Thu May 30, 2013, 02:52 PM

21. and then there's their ridiculous circular arguments

and made up/distorted facts and complete disregard for the victims of gun crime.

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Response to DreamGypsy (Original post)

Tue May 28, 2013, 05:16 PM

3. Nice fruit basket. ntt

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Response to DreamGypsy (Original post)

Tue May 28, 2013, 05:29 PM

4. There are lots who do not care as long as they have easy access to their guns.

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Response to DreamGypsy (Original post)

Tue May 28, 2013, 05:33 PM

5. Are we counting police shootings now?

Do you think police should also be disarmed?

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Response to LAGC (Reply #5)

Tue May 28, 2013, 09:08 PM

7. Jumping to conclusions is fine exercise ...

...but for a more aerobic workout I prefer distance running. To each their own.

For Operation Iraqi 'Freedom', 929 of the 4409 military casualties, approximately 21%, are characterized as "Non-Hostile". I assume that the Department of Defense includes accidental deaths, friendly fire incidents, and other types of "unintentional" killings in their statistics because the victims are just as dead as those whose deaths are KIA, which presumably implies "Hostile".

Similarly, domestic casualties resulting from weapons fire by the police continue to be deaths. Certainly we don't generally regard the police forces in the United States as "hostile" to the citizenry (with some notable exceptions...are you out there Bull Connor?). However, members of the police are not immune to accidents, errors of judgment, overreaction, fear, or even, occasionally, malice. Usually, when members of the police are involved in actions that result in death(s), they are temporarily suspended or otherwise removed from active duty while an investigation occurs. The results of the investigation may result in vindication of the officer(s) actions or some other response, with filing of criminal charges in extreme cases.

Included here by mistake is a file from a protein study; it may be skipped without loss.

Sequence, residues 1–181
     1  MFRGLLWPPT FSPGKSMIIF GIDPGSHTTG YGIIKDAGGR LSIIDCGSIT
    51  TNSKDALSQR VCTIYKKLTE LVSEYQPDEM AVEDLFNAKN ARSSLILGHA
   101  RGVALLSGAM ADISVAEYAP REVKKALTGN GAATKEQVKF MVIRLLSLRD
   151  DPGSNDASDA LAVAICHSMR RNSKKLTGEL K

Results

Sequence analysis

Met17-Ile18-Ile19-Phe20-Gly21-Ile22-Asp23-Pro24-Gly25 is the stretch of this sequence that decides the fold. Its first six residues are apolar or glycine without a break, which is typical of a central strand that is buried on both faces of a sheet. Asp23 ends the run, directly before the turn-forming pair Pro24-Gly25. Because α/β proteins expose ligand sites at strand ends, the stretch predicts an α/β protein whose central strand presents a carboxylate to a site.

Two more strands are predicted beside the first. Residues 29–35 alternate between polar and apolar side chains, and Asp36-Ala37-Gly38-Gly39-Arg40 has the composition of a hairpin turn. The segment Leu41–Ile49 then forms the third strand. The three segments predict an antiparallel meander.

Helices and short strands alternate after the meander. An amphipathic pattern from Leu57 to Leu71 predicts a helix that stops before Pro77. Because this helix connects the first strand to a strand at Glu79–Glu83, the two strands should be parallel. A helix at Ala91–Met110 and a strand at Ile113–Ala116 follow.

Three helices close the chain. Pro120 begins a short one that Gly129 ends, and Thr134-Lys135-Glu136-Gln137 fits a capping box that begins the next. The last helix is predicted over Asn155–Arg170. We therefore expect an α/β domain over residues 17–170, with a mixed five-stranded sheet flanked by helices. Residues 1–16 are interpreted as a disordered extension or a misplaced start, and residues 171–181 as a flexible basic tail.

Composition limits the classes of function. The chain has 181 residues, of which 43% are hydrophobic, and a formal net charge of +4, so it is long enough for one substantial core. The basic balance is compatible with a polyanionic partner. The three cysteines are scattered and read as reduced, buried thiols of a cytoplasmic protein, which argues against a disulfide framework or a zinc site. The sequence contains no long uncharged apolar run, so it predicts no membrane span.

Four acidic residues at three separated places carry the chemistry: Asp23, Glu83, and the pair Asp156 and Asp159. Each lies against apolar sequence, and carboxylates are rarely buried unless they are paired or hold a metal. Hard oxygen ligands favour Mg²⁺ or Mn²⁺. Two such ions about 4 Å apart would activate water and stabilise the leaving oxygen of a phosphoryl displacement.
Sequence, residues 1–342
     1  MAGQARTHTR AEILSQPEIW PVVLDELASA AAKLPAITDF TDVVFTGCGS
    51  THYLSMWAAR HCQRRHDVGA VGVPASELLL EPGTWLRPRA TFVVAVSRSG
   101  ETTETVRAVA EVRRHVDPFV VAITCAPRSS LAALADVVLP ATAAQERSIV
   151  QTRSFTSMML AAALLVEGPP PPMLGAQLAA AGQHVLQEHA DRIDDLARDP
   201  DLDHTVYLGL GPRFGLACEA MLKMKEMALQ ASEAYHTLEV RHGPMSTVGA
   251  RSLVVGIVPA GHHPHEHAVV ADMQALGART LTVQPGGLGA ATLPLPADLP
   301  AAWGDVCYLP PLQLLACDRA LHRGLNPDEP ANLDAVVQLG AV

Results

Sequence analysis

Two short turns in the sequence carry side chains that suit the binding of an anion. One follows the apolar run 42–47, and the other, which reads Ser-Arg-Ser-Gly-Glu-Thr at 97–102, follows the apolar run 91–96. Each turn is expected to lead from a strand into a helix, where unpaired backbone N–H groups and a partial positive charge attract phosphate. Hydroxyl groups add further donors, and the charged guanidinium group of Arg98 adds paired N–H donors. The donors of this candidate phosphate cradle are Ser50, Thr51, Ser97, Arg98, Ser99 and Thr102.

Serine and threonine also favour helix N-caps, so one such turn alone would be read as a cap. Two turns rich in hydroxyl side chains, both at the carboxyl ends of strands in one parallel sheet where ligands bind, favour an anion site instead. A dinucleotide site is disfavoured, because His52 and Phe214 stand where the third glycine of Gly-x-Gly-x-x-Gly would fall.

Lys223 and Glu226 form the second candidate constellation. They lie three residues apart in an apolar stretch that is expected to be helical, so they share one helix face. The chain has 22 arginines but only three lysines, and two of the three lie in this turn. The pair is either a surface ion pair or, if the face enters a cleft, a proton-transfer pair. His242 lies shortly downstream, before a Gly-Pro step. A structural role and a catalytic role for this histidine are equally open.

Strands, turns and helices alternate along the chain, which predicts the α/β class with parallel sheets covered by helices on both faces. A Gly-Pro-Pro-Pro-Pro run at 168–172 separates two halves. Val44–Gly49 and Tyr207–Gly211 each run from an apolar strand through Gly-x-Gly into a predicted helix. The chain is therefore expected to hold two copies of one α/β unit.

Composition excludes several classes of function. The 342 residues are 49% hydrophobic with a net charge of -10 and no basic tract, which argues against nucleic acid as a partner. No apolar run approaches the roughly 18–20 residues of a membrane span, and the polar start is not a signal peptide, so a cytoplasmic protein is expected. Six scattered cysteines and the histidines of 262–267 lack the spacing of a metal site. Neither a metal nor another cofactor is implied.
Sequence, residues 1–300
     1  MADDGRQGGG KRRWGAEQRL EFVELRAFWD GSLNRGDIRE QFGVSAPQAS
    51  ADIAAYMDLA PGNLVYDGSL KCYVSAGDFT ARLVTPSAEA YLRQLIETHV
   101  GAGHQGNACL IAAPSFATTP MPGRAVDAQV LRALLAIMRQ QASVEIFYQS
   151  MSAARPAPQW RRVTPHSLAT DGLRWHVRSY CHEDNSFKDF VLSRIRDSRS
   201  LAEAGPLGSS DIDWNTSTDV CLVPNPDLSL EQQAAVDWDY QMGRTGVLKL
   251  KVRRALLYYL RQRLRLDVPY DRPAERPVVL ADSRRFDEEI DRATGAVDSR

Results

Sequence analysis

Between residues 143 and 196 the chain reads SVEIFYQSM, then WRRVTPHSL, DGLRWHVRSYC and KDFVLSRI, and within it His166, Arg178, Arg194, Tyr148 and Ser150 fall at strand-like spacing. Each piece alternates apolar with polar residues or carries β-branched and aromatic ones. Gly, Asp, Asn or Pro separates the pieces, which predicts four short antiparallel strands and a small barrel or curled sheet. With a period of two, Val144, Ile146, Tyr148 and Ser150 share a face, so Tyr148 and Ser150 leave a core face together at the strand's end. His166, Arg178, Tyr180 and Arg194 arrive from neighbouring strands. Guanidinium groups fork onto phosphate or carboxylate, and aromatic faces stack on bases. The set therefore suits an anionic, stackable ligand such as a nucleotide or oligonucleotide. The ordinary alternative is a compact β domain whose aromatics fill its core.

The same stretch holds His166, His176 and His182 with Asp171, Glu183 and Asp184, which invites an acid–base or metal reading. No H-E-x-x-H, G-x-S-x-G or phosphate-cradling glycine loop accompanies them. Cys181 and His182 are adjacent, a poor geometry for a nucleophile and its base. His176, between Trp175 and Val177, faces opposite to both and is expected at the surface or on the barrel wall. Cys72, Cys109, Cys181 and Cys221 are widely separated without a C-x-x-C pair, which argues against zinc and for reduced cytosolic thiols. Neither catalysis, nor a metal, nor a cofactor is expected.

For Slate gun death number 4410, the source article says:

Two officers involved in the shooting have been placed on routine administrative leave as the major case unit investigates.

Fort Worth police spokeswoman Tracey Knight called it a "horrible tragedy."

"It was horrible for the homeowner. A family has lost a loved one that can never be replaced," she said. "An officer has gone through an incident that no officer wants to go through."

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Response to DreamGypsy (Original post)

Tue May 28, 2013, 05:41 PM

6. I fear a nut with a gun in a public setting far more than I fear al Qaeda.

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Response to Initech (Reply #6)

Wed May 29, 2013, 09:13 AM

13. I have a huge fear of crazy white men.

 

White men kill indiscriminately, it seems, more than any other race.

(Disclosure: I'm a white man)

Other races kill over business deals gone bad. (gangs, mafia, etc.)

(In no way am I implying that race is a causation. Socioeconomic status, cultural backgrounds, and more have 100% to do with it.)

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Response to DreamGypsy (Original post)

Tue May 28, 2013, 09:39 PM

8. Does this include suicides?